"I don't know what my dad does. I don't know what his occupation is," Cyrus said. "He does construction here and there. He's about 60 years old and has the body of a 25-year-old through all the hard work he's done. He's just been struggling and fighting his whole life.

"He has a life of struggles. He was forged in pain and suffering. That's his mentality."

And that's the mentality he passed to his three sons, Cyrus the youngest, behind Arie and Michael.

"That's why it could be innate," Cyrus said. "What me and my brother went though was a mentality that, this is who you are and you've always been a fighter, and it's almost in your blood."

• • •

It's important to understand that their makeup is different, Bill McGregor said, laughing at the understatement. In 40 years of coaching football at DeMatha, the Kouandjios were one of the most unusual cases he'd ever dealt with.

"Their whole world background is almost like Third World," said McGregor, now an assistant coach at a school in Baltimore, "and that's why I loved them."

Arie Kouandjio came to McGregor first. He was a good offensive lineman, good enough to earn a scholarship at Alabama, but his younger brother, Cyrus, was even more impressive.

"It was like, 'Oh my gosh!' " McGregor said. "Arie was big, but Cyrus was big-ger. How can you have a younger brother bigger than you are? And then you watch Cyrus move as an athlete and you say, 'Holy mackerel! I've never seen anybody with that kind of athleticism with that kind of size.' "

But the game was foreign to thes Kouandjios. Jean-Claude taught his boys fútbol, not football. McGregor wanted Cyrus to lift defenders into the air, drive them 10 yards downfield and bury them in a cloud of dust. Cyrus wore jeans to his first practice. Putting on a helmet and shoulder pads was completely new.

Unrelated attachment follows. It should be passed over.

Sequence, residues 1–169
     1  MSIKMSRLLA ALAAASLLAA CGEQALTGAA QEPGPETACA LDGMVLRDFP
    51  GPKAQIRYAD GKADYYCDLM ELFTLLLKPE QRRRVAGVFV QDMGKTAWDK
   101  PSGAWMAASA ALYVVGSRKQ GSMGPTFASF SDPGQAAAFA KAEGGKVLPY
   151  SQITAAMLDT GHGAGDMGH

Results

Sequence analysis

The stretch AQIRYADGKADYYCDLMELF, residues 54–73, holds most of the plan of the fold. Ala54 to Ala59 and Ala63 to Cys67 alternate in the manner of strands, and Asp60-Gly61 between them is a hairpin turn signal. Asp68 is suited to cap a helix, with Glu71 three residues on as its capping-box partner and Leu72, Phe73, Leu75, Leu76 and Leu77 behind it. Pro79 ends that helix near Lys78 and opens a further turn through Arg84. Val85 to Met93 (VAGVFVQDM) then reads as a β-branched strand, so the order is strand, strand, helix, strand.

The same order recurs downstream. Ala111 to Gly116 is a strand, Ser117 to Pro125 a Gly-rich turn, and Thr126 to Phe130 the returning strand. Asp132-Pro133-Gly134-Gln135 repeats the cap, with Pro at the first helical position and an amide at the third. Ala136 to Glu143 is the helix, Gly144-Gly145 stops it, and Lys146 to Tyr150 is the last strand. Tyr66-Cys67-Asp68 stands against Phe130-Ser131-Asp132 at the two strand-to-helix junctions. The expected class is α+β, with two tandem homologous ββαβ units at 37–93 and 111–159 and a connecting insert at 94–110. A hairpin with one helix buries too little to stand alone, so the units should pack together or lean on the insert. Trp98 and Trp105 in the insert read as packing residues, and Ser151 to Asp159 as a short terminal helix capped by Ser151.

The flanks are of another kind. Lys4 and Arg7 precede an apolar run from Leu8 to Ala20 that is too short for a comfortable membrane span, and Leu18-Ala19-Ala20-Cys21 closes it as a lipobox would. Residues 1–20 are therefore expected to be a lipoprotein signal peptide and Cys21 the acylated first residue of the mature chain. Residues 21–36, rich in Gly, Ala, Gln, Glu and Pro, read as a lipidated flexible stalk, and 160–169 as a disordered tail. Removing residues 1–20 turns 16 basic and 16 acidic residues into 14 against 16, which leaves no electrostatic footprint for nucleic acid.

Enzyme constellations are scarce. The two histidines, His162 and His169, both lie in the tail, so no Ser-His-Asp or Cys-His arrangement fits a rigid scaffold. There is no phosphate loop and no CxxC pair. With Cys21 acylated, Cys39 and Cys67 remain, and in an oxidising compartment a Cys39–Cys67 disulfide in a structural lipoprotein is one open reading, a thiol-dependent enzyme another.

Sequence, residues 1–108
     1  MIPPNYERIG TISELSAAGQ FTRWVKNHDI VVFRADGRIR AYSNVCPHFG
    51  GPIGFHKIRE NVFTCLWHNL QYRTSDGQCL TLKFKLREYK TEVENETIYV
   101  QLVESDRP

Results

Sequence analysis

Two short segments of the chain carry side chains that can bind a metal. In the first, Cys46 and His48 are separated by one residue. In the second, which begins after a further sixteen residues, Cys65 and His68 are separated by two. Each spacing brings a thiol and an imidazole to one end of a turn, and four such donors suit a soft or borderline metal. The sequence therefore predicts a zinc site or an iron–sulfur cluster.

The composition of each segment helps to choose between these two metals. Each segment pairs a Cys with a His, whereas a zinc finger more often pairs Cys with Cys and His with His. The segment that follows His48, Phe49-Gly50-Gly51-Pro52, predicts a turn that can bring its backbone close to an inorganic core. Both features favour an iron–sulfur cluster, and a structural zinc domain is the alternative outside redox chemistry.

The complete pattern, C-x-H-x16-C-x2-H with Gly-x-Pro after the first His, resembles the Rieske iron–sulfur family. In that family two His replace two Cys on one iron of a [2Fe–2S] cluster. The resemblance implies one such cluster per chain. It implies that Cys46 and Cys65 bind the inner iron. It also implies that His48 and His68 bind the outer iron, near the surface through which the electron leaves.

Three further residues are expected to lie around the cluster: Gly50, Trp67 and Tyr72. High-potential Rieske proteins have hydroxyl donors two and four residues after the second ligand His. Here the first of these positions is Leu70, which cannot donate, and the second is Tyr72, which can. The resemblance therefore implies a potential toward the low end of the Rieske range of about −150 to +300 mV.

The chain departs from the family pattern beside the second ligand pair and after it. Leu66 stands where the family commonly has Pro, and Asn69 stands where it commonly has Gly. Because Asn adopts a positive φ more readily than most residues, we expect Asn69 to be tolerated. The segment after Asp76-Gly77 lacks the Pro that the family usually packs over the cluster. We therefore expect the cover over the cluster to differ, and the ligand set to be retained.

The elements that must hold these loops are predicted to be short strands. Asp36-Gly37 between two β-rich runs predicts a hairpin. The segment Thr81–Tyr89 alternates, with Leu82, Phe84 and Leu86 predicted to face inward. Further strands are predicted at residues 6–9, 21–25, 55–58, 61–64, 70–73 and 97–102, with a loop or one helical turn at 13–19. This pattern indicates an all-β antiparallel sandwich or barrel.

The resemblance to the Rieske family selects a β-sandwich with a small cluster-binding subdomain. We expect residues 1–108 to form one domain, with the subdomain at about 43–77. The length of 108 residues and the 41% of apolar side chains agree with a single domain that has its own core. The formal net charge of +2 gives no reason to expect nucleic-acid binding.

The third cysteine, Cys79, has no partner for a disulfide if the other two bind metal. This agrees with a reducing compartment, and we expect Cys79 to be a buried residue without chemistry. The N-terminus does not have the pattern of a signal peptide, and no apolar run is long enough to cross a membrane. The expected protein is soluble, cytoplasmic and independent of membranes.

McGregor once asked Cyrus who his favorite college lineman was; Cyrus didn't have one. McGregor then asked him for his favorite professional lineman, and Cyrus didn't have one of those, either.

"I thought, 'Joke's over, you're messing around with me,' " McGregor said. "He said, 'Coach, I really don't know football, but I can tell you my five favorite soccer players,' and he rattled off five soccer players like bang-bang-bang."

McGregor was unaware of the financial hardships Arie and Cyrus faced. Instead, he saw a unique set of challenges.

"They have different customs," McGregor said of the Kouandjios. "Like paying their electricity bill -- my wife gave them a ride home one night and Brenda came to me and said, 'Bill, I don't think they pay their electricity. There's never a light on.' They did, but they'd live in darkness like that. In their backyard they'd have roosters and they'd fly pigeons."

"Literally their whole background is different from how you or I was raised. I can't imagine having roosters in my backyard, can you?"

• • •

Cyrus wanted to be different. He nearly wound up at Auburn because of it.

When Arie went to DeMatha after one year at a public high school, Cyrus swore he'd never follow. When Arie chose to play offensive tackle, Cyrus wanted to play defensive end. And when Arie decided to go to Alabama, Cyrus wanted to go to rival Auburn. But the bond between brothers wouldn't allow for such differences.

"He'd chip his front tooth, I made fun of him and two weeks later … I'd chip the same tooth," Cyrus said.

Cyrus fought it for years, but destiny had a way of intervening.